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Photo: Goodreads

This is my first book by an Indian feminist scholar. I’m new to feminist writing and I could relate to whatever I read from western feminists. I mean, women’s issues are universal, right? However, I realized, after reading this book, that there are some things that can only be understood by those who live in the same environment as you. I mean, I can talk about the rights of differently-abled people, but the truth is I don’t know what it is like to be one of them. There are things in life which we can only understand through experience. Theory is important, but when you live in a country where there are issues of caste, religion, and marriage, you need women and men from your own land to tackle the issues. Nivedita Menon touches upon everything that plagues Indian society. She is quite sensitive to the problems of all classes of society and she makes you look at your own hypocrisy.

Nivedita basically takes you out of the narrow world of feminism (yes, feminism can be narrow too) and introduces you to intersectional feminism…in the Indian context. Basically, a woman (or a man) doesn’t have a single identity. And in India, there are so many identities that keep overlapping. Nivedita presents an interesting insight: she says that the women who are reading her book are privileged in a way. My maid cannot read this, so in a way, I have more power than her. I also have more power than the auto rickshaw driver and men from lower income groups. Being a Hindu, I’m certainly more privileged because I belong to the majority. So I am more powerful than a Muslim man or a woman. However, this power fades when I encounter a man who is physically more powerful than me ..if he chooses to abuse this power, all my identities won’t matter. This is the crux of intersectional feminism. Feminism can be a prejudiced philosophy if it doesn’t take into account these multiple identities that women have. Because at the heart of feminism is a belief in equality. So here I am talking about feminism as my mother switches on the AC. I cannot be a true feminist if I don’t see the fact that my maid faces prejudices because she is from a lower income group. I cannot be a true feminist if I ask my neighbor to sit on the chair and then ask my maid to sit down because she is ‘inferior’ than me/neighbor. I cannot be a true feminist if I think that I’m superior to the waiter or a taxi driver. I cannot be a true feminist if I am homophobic. Because at the end of the day, feminism is about ending this ‘superior’ and ‘inferior’ game.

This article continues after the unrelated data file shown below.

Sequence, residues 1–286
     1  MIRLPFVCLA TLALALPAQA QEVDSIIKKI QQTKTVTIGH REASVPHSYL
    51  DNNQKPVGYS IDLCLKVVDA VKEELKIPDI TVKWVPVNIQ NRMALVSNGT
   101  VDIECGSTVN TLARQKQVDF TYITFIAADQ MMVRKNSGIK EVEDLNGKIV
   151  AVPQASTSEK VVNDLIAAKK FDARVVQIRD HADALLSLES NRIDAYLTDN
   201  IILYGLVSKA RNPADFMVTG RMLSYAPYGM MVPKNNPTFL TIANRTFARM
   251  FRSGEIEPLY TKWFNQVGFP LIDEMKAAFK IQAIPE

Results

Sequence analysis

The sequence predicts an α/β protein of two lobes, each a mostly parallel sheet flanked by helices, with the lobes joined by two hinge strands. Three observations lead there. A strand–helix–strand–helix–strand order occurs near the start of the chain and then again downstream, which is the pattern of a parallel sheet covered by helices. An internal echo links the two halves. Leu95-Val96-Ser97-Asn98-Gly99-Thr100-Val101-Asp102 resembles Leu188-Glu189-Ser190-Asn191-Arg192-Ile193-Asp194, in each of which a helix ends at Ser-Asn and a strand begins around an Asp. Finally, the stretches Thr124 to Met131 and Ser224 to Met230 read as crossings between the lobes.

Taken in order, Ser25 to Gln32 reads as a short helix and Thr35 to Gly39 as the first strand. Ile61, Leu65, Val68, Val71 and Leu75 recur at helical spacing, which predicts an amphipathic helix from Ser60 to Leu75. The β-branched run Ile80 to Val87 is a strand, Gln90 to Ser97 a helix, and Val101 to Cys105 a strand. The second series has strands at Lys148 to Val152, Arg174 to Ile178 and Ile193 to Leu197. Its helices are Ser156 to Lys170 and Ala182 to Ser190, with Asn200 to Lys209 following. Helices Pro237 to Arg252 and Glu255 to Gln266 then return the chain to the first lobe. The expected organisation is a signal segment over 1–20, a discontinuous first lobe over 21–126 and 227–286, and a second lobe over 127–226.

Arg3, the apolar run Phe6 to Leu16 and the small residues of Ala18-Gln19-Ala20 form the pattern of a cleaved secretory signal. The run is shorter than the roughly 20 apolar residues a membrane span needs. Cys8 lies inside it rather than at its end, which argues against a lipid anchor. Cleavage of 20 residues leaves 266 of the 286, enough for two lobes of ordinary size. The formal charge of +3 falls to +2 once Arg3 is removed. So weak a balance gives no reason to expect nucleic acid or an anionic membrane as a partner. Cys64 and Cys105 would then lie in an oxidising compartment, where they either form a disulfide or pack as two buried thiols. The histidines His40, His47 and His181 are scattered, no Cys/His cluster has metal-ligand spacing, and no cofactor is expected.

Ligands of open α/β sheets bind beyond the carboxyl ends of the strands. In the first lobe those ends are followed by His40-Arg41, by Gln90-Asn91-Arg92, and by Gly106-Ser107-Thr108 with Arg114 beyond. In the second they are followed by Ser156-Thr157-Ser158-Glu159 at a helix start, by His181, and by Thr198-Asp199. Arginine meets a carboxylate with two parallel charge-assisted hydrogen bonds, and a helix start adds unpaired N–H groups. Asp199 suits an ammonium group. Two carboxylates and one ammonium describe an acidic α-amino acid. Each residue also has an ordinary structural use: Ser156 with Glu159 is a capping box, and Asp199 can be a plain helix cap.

Nivedita dissects the Indian family structure in an intelligent and compassionate way. She exposes the violence that is inherent in any structure that ‘forces’ people to behave in a certain way (For example, rigid gender roles). She questions the core assumptions of Indian society. She acknowledges the complexity of some debates like abortion and commercial surrogacy. And the best part is that she doesn’t try to fit solutions in neat boxes.

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